Coming-of-age stories usually come packaged in a nice bow, with hardships dealt and lessons learned within two hours of fairly painless storytelling. Those are the forgettable ones. But unforgettable coming-of-age stories, the ones that really stick with you, function on a more visceral, more resonant level, tapping into emotions and ideas that transcend the screen. Moonlight, from writer-director Barry Jenkins, is unforgettable.

Right off the bat, Moonlight will be inevitably (and somewhat unfairly) be compared to Richard Linklater’s Oscar-winning Boyhood, the year-by-year chronicle of a young man’s life. But that’s where the comparisons end. Here, each one of Moonlight‘s three acts focuses on a particular age of Chiron, a young African-American boy growing up in downtrodden South Florida, raised by a drug addict mother (a fierce Naomie Harris), and embarking on a journey of self-discovery and sexual identity.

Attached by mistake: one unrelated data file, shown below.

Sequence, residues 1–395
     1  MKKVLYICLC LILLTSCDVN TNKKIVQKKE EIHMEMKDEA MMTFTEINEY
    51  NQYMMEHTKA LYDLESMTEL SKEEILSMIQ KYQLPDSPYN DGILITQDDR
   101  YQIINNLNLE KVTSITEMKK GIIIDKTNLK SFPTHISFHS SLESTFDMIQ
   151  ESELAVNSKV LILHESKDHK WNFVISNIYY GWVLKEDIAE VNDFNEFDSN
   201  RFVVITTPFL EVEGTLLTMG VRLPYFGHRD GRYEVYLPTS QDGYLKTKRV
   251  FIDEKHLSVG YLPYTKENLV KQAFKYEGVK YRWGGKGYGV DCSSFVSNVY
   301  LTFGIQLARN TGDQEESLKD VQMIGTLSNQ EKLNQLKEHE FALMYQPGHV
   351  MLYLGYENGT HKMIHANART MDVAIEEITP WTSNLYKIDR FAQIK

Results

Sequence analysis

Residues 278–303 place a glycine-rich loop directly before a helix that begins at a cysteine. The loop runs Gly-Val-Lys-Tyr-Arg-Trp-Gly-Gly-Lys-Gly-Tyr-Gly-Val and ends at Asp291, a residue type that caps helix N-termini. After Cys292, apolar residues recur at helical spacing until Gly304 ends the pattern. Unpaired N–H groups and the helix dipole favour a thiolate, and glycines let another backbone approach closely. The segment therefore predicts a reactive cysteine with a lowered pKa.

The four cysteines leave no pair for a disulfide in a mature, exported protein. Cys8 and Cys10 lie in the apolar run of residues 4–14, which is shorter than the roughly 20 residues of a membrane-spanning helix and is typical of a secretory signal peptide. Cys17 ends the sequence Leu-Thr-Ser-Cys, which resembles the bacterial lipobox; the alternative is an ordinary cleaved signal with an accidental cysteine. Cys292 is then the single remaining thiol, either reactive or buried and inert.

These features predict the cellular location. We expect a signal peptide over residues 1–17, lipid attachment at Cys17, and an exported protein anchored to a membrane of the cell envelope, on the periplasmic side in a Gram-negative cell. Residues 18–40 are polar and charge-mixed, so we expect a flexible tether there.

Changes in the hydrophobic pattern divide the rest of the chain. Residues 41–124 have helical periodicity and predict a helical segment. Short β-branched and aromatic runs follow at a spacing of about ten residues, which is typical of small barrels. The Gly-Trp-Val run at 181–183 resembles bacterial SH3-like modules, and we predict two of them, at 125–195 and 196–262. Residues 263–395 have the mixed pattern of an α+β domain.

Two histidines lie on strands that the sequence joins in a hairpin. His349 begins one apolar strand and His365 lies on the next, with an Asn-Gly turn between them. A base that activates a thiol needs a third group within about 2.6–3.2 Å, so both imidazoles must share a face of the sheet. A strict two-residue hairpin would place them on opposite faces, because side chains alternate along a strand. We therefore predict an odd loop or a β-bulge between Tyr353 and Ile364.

Nicknamed “Little,” 9-year-old Chiron (a fantastic Alex Hibbert) falls under the wing of a drug dealer named Juan (Mahershala Ali) whose wife (singer-songwriter Janelle Monae) becomes the maternal figure he needs. It’s a formative stage in the boy’s life, a childhood delicately observed by Jenkins and co-writer Tarell McCraney. At age 17, a scrawny Chiron (now played by the magnetic Ashton Sanders), deals with bullies at school and finds consolation in a best friend who later betrays him. Finally, we meet adult Chiron, now nicknamed Black, a musclebound figure who is still the sensitive little boy inside despite following in the footsteps of the dealer who impacted his childhood. The role is played with a quiet intensity by Trevante Rhodes, and he carries the final third of film as Black revisits the past and attempts to reconnect with the one person who means so much to him. It’s a heart-wrenching chapter simmering with a tension that is both sexual and dreadful at times.

Will this man who has faced so much heartache and pain break free from a repressive lifestyle to find the sliver of happiness he deserves? A film like Moonlight refuses to spoon-feed audiences a clear-cut resolution and will leave some questions unanswered. And therein lies the haunting brilliance of Barry Jenkins’s intimate portrayal of a life forever in progress.